Bill Insulates Wealthy NFL Teams From Liability for Past Head Injuries
Contact: Steve Hopcraft 916/457-5546, Steve@hopcraft.com; Twitter: @shopcraft
AB 1309 is being sold as a protection for California business from out of state players who are taking advantage of California’s worker’s compensation system. In hearings and in press releases the proponents argue that unless AB 1309 is passed that the California Insurance Guarantee Association (CIGA) would go broke and not be there to protect California workers and businesses. But AB 1309 is silent on this issue. Proposals to protect CIGA were ignored. There is not one word in AB 1309 about CIGA.
AB 1309 is being portrayed as an effort to prevent rich athletes from taking advantage of worker compensation laws after they have earned millions on the playing field. The truth is most athletes have very short careers and even fewer of them make the millions of dollars a year that grab headlines. Certainly not the thousands of minor league athletes who often make near poverty wages. But AB 1309 restricts worker compensation benefits for minor league players also.
What is AB 1309 really about? Wealthy team owners, spearheaded by the National Football League, don’t want to have to pay worker compensation benefits for athletes who were injured and have lost the ability to earn a living. In particular, the NFL is trying to escape liability for decades of callous neglect of players with concussions. Modern medical research shows there is a clear link between head injuries and a whole host of neurological outcomes. Many of these outcomes take years to manifest and what AB 1309 is about is the NFL avoiding liability for these injuries in the future. That is why the bill applies retroactively – to insulate the NFL for all past injuries for players who don’t meet AB 1309’s rigid new rules on who can file a claim for worker’s compensation in California.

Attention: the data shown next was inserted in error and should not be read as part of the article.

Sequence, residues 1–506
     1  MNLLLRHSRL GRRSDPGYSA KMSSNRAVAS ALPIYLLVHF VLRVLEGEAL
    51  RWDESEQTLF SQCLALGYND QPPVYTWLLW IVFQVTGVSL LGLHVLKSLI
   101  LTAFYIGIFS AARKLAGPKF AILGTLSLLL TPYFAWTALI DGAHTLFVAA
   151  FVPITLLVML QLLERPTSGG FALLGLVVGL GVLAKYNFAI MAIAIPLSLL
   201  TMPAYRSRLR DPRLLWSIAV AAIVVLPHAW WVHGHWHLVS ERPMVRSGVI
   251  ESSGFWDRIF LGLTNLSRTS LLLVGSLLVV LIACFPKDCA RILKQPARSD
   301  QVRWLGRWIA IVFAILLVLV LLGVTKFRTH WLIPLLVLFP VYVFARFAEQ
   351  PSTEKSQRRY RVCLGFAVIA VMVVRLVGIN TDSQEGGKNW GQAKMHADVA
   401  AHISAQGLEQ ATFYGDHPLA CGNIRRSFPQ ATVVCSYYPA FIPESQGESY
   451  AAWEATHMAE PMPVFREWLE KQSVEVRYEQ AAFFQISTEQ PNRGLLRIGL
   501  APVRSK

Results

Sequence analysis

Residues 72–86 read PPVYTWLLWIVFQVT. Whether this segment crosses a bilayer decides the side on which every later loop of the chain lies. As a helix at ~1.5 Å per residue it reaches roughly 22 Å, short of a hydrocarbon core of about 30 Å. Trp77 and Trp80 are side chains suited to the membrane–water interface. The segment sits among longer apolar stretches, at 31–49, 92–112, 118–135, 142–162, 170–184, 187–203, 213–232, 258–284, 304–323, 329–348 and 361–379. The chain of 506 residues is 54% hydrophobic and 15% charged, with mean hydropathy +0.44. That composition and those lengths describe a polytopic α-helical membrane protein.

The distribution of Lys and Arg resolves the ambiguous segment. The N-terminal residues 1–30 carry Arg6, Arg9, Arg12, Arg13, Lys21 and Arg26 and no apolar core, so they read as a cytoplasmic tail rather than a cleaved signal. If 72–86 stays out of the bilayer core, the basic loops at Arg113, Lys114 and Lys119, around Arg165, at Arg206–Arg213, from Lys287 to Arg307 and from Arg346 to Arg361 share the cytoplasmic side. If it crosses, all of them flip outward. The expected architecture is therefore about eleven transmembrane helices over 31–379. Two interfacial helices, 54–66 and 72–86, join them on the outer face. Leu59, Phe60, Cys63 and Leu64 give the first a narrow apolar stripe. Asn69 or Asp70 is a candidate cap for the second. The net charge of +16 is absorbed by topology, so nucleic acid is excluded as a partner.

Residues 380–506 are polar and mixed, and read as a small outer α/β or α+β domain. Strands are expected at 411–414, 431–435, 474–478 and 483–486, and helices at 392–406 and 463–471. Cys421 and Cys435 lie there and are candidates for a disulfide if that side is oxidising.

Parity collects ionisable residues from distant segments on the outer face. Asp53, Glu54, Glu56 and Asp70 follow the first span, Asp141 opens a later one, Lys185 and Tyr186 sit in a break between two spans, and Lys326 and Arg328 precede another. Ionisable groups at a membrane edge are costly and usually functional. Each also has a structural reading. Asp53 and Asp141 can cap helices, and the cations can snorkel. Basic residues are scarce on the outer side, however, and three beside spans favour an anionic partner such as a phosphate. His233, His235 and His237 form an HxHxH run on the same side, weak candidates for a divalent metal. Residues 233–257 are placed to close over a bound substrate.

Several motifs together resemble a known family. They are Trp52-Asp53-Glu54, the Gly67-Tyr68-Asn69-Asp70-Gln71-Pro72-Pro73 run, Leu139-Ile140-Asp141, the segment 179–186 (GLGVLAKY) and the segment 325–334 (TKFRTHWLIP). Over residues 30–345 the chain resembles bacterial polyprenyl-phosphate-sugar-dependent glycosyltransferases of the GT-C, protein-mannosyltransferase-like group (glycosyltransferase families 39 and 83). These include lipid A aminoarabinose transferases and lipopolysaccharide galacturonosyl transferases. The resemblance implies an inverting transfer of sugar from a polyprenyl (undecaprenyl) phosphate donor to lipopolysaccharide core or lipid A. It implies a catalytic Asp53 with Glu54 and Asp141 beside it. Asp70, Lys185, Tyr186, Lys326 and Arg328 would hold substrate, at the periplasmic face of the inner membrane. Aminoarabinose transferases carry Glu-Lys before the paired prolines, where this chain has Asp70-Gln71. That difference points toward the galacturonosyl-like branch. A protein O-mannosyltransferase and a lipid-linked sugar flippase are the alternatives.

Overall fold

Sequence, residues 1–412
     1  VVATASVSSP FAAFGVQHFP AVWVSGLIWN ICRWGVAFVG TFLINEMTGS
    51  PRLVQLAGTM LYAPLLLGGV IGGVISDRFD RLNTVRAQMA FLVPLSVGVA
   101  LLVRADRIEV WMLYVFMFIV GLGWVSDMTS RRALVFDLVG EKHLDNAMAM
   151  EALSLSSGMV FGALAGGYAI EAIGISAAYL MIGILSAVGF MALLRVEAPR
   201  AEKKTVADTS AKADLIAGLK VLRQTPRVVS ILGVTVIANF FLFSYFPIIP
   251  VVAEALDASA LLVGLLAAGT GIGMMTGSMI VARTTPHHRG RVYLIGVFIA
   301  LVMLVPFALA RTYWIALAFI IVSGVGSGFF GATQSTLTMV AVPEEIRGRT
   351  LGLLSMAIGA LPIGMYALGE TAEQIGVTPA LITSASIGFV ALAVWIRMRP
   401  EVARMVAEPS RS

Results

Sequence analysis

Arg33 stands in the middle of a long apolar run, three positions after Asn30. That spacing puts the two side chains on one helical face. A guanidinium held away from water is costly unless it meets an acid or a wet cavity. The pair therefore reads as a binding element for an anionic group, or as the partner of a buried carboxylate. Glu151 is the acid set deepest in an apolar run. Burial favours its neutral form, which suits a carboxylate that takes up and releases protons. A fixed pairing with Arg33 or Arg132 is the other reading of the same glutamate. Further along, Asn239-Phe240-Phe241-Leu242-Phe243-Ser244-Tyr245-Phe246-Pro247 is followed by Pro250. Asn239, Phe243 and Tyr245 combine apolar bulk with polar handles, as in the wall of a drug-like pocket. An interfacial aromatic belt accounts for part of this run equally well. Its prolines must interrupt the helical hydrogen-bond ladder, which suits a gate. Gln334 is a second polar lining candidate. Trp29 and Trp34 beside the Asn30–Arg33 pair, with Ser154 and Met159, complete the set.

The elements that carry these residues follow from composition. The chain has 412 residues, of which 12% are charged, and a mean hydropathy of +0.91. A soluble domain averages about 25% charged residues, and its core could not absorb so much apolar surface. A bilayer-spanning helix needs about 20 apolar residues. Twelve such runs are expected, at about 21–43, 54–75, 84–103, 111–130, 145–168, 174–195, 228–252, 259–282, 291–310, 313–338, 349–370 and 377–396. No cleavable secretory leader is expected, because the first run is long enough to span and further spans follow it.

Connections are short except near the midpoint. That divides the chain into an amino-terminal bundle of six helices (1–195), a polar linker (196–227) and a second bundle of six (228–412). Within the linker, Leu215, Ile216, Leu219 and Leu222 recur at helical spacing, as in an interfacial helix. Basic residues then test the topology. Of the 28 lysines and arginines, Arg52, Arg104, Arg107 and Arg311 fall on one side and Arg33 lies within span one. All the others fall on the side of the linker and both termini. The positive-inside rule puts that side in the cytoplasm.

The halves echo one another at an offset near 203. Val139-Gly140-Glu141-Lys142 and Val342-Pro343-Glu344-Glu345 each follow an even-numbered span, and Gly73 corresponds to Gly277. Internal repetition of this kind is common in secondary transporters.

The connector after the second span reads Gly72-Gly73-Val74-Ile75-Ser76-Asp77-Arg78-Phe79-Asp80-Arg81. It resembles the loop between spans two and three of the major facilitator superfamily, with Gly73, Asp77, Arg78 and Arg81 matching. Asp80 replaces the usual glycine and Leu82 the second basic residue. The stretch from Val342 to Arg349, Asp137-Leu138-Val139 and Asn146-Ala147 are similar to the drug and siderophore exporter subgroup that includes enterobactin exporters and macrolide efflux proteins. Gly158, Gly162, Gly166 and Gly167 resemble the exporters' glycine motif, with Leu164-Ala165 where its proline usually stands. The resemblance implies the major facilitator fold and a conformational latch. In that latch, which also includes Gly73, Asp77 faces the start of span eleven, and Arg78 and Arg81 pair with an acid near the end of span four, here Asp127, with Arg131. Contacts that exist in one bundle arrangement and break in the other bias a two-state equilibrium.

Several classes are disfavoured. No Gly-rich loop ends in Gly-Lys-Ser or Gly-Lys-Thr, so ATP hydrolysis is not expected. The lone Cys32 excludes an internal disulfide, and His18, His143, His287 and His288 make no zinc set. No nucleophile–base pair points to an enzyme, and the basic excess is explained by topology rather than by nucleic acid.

AB 1309 does not just protect wealthy team owners. It establishes a precedent for denying worker compensation benefits to other workers with cumulative injuries. If AB 1309 passes it will be followed by bills requiring similar standards be met by grocery clerks, office staff, manual laborers, nurses, truck drivers, warehouse workers, farmworkers and other workers.
Vote No on AB 1309
For more information, visit www.caaa.org
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